The Monolinguist

How not learning a foreign language saved my life

Text by Tod Wodicka

Illustrations by Sara Lai

The growth began a few days after my German girlfriend of six months announced she was pregnant. We were both living in the Czech Republic, where such things weren't supposed to happen. I had thought that my well-curated inattention to detail and responsibility shielded me from details and responsibility. The real world kept at bay. Not speaking the language was kind of the whole point of moving to Bohemia: to disappear up my own ass. I was young.

Looking back, it's tempting to see my growth as competition. The anti-pregnancy; a bachelor party of selfish cells determined to give their boss a little last-minute attention before that other growth became too human to ignore. That I first noticed it while watching Mike Leigh's abortionist drama, Vera Drake, should be noted.

I couldn't get comfortable in the cinema seat. It was as if someone had placed a hot coal in my back pocket. I felt it again in the evening while showering: a ball beneath the skin on my backside, dead centre, down near the tail part of my tailbone. It was not pleasant.

The next day, it was the size of a golf ball. It felt red. I became feverish, and I could no longer sit down. It was pulsing, but not at all in time with my body's pulse, as if the growth had a fully operational, pumping heart all its own.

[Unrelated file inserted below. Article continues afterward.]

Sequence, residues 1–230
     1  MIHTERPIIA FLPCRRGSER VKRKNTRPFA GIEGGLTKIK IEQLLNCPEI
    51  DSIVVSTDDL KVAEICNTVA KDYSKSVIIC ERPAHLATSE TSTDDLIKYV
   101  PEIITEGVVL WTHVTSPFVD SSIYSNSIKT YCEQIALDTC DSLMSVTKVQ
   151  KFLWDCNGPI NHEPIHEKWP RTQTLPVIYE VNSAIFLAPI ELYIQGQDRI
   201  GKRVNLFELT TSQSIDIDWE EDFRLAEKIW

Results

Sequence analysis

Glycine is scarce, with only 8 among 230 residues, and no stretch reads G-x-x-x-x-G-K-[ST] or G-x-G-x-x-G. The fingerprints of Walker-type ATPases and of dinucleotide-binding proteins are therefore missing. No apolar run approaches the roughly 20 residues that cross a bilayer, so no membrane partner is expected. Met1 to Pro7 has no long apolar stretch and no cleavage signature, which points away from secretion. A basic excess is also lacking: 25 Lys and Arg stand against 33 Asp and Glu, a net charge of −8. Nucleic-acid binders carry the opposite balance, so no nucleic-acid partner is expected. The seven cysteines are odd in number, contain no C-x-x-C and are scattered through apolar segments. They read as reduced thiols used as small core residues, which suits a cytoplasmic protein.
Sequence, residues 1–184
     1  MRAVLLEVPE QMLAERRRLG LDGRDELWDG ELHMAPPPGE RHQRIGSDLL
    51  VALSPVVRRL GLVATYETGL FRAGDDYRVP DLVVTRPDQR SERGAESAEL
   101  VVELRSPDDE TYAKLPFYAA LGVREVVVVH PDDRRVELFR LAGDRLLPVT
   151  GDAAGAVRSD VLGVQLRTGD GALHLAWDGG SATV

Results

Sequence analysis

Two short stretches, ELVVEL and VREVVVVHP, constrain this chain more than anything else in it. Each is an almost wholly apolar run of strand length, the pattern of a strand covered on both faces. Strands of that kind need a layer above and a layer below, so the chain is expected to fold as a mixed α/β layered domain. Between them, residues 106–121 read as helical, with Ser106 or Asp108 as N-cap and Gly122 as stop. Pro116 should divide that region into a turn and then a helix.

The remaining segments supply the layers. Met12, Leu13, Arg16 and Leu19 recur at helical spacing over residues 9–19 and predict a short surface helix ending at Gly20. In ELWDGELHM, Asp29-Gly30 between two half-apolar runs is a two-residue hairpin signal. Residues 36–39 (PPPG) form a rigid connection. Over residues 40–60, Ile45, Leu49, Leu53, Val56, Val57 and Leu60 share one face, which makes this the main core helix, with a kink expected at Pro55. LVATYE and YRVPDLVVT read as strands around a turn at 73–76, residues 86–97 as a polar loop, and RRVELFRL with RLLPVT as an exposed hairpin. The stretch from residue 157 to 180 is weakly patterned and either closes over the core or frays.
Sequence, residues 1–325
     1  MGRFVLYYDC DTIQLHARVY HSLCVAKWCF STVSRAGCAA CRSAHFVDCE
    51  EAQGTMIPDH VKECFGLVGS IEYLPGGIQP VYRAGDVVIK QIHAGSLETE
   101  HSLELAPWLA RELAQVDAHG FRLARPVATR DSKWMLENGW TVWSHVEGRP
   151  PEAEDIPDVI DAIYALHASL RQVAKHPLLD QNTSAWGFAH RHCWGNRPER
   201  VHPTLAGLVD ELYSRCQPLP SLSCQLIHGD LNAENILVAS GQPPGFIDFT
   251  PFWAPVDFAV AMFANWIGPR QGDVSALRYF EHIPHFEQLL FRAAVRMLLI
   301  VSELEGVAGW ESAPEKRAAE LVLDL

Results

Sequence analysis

I called my pregnant German girlfriend and explained the situation. Part of me enjoyed being in terrible pain.

"C'mon, it's not that bad," she said. "Be a man."
Manfully, I explained the nature of the emergency.
She said, "You do not have cancer."
"On my ass."
"It's a pimple, Tod," she said. "Look, I've got to work. I'll be home in a few hours, OK?"

Soon, I couldn't move without enraging the growth. How startling, the suddenness with which your body can turn on you. It was a huge, leaden pressure pushing outwards, but also pulling in everything around it, my thoughts included. I couldn't read or listen to music or think about anything but the searing, inflating berserker on my backside: its gravity took in all. There was a black hole growing on my backside and I was getting sucked down into it. I lay on my stomach, on the floor, weathering gusts of cold sweat and spasmodic, laugh-like fits of agony.
I think it was the third or fourth call that finally got through to my pregnant German girlfriend.

"I'll be there as soon as I can," she promised.
I moaned.
"Cancer doesn't hurt, you know."
"Of course it does. Mine does!"
"Tod, I'll be right there. I'll take a taxi, we'll pick you up outside and take you to the hospital so they can look at your pimple."